New Case IH 150 combines merge past & future

New Case IH 150 combines merge past & future
Aug 02, 2018

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The 150 series features design elements from the first Axial-Flow combine

By Diego Flammini
Staff Writer
Farms.com

A new series of Case IH combines pays homage to the equipment’s past while filling the needs of today’s commercial farmers.

Combines in the Case IH 150 heritage series will be available for 2019, which is the 42nd anniversary of the first Axial-Flow machines.

“When the Axial-Flow combine was launched in 1977, they had a white roof cap, white rims and an IH logo on the side,” Kelly Kravig, Case IH 150 series product manager, told Farms.com today. “We have a number of producers who remember the original 1400 series Axial-Flow, and our new 150 series machines will have those same design elements as a nod to the past.”

But while the look may be from the past, the combines feature state-of-the-art technology.

Combines in the 150 series can harvest up to 5,000 bushels of grain per hour.

They also come equipped with a two-speed electric shift transmission. This allows farmers greater control when using the machine in the field or on the road.

“With the two-speed, we have a hi-low propulsion system that allows producers to shift in the field,” Kravig said. “So, depending on the conditions they’re in, they can select the appropriate speed for the operation.”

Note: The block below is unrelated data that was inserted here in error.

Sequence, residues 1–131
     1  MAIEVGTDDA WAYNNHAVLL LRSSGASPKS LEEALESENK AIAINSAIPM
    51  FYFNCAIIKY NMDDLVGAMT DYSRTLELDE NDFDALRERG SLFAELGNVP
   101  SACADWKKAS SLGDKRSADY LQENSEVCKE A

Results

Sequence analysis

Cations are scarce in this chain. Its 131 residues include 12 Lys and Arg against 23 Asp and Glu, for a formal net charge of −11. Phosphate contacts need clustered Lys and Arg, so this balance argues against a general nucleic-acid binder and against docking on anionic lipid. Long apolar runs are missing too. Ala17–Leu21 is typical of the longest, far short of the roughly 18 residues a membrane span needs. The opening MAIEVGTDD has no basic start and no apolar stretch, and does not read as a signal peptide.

The combines also feature a Cross Flow cleaning system.

The fan speed and configuration can increase productivity by nearly 20 percent, Kravig said.

“A traditional cleaning system oscillates in an elliptical motion,” he said. “Cross flow technology compensates for side hills and slopes and oscillates side to side. That helps farmers handle rolling ground and terrain easier, harvest more efficiently and save more grain.”

Operators of the new 150 series will also be able to better manage their residue.

The three combines in the series come with either a three-bladed discharge beater, a standard cut straw chopper or a six-row flail cut chopper.

Farmers can vary spreader speed from inside the cab and tailor the spread pattern based on factors like wind conditions, Kravig said.

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